One of the key things is that experienced veterinarians, I truly believe, get a real sense of purpose out of helping their younger colleagues, and there’s a real satisfaction in doing that. So, don’t be afraid to put your hand up and ask for help.

DIEDERIK: Thank you. Very, very nice points.

If you were starting again, would you do the same thing? Would you be a vet?

GARY: Absolutely I would. I have zero regrets. I love the profession. I love the sense of contribution to the community. I love the team that I work with. I love the work that I actually do. If have my time again, I would absolutely do it. I think we vets, we’re really privileged to be able to do what we do.

DIEDERIK: You’ve had some major challenges. What were two or three that you faced?

GARY: I’d say the biggest challenge that we faced was a situation ten or so years ago, where were expanding rapidly. We were about to build a new hospital and expecting additional expansion from that. And, having offered equity partnership to two of our associates. They chose to open their own practice about a kilometre down the road from where we were situated. They opened their doors right as the excavators moved in and started demolishing our site. That, without doubt was the most challenging experience on a range of levels. There was a real, I guess, emotional component to that, as well as a financial one as well.

The positive out of that was that I feel so resilient now that it wouldn’t matter what happened, it’s all insignificant relatively speaking. And that had a quite an impact on our business, but we survived and I find myself in the situation I’m in now where I couldn’t be happier. So, it was another really good lesson learned.

I’d say the second one would be raising a young family whilst working long hours, and being fairly deeply committed financially to a new business. I think that’s a very, very tricky scenario to negotiate. To be able to successfully manage a lifetime relationship, be it in marriage or otherwise, but to be able to be there for your life partner and still keep everything afloat at the same time, that was tough. There were times where it’s been quite challenging personally. Now, I’m fortunate in that my wife is also a veterinarian, so she has a good understanding of the commitment and the stresses that go with it. So that was tough.

And I think the final thing personally was when we took on the business. Because we’re in a regional area, there was no support with after hours. There was not a great relationship between the practices, so we were pretty much on call 24/7 for several years, and that was incredibly taxing.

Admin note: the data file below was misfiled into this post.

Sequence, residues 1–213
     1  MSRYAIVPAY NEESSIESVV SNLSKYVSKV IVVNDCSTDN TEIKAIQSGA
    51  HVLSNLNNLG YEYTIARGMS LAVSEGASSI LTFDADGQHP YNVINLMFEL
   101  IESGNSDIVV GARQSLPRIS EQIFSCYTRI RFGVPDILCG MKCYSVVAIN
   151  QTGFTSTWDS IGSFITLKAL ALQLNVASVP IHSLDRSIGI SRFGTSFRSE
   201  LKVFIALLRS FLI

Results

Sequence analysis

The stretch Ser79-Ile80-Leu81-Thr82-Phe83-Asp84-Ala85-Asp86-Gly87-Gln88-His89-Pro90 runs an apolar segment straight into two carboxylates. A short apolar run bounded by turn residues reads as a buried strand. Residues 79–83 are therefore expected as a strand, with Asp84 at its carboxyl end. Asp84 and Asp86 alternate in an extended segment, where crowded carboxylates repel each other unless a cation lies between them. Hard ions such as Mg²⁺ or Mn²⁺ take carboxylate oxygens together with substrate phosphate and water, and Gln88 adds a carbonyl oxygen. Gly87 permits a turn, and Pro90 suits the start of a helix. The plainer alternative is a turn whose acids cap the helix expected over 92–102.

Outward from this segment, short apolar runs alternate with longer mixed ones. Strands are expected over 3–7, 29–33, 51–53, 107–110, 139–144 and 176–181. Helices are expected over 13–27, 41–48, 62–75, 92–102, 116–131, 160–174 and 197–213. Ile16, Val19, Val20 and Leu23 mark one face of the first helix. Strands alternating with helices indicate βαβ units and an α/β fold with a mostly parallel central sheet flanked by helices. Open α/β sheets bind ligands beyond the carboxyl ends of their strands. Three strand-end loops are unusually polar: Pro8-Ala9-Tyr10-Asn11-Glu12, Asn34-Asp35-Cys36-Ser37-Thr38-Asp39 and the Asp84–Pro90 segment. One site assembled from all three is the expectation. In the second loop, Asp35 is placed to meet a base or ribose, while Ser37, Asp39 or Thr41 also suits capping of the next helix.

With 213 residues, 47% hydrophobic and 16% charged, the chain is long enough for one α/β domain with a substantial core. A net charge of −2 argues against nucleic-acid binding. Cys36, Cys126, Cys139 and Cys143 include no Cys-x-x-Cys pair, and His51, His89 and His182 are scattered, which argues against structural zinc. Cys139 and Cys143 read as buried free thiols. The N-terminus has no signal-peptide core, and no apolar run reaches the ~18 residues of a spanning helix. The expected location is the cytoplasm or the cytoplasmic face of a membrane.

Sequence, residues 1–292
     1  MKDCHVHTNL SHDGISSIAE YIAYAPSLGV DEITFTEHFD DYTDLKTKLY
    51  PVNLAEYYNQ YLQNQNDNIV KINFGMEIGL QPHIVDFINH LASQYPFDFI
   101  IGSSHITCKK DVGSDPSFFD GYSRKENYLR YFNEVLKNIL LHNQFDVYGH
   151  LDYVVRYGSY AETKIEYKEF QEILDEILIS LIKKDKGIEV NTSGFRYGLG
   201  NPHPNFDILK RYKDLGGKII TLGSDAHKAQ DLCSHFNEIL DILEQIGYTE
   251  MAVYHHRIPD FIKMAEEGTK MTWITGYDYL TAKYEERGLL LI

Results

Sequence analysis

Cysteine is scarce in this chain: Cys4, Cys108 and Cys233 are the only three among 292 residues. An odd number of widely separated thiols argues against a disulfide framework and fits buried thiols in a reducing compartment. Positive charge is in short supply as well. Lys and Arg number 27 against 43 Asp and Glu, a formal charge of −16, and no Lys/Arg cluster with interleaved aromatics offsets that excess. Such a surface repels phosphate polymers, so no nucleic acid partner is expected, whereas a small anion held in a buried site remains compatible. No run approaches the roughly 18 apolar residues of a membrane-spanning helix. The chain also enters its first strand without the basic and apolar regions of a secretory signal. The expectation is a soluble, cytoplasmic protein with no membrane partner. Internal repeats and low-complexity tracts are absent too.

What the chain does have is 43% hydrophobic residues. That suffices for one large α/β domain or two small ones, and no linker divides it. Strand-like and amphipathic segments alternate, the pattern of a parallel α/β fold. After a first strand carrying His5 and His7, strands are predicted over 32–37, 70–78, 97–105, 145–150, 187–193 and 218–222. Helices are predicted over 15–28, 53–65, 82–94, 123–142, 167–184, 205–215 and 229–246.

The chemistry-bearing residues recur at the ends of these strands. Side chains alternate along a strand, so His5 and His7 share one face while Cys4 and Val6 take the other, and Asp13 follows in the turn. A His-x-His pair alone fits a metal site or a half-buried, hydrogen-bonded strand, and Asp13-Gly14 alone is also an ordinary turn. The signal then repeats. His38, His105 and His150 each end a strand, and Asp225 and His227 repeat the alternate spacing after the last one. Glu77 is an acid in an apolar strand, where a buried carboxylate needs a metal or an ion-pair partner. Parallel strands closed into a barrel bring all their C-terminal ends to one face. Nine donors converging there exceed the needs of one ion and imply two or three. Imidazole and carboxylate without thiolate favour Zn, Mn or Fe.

DIEDERIK: Back to what you said about balancing family and career and fatherhood, and that’s actually the next question. How did you and Pricilla make that worked?

GARY: I guess it was by identifying the best ways to grow the business. So, as to put in additional human resources that would free us up to start living our lives without a hundred percent commitment to the business. The order was to build the business financially, build it in terms of the resources by way of the people in there, and that would then allow us to step back.

DIEDERIK: What does success look like to you?

GARY: Success to me is living life on your terms, and by that I mean doing the work that you’re passionate about, doing the work when you want to do it, doing the work that you want to do, having the time to spend on everything else in life that’s important to you and having the financial results to give you the freedom to do all of those things.

I’m very much of a believer that money beyond a certain baseline doesn’t make us happier, but boy oh boy, it takes a lot of stress out of life.

DIEDERIK: So, what were the keys to you creating those successes?

GARY: I think, again, finding the most effective ways to make the practice financially successful, and that was a combination of—and whether the order was right or wrong. It’s probably a point that one could argue—but it was learning how to develop very, very slick systems for marketing, very slick systems for managing the client experience. And then quite separately to that was learning how to lead very effectively, so that it wasn’t just me pushing this thing on my own, it was in fact 20 people doing it together; that we’re all highly engaged, highly aligned, highly motivated and treating it like it was their own business.

DIEDERIK: You’re always motivated, up, focused, how do you manage that? How do you manage to keep that going?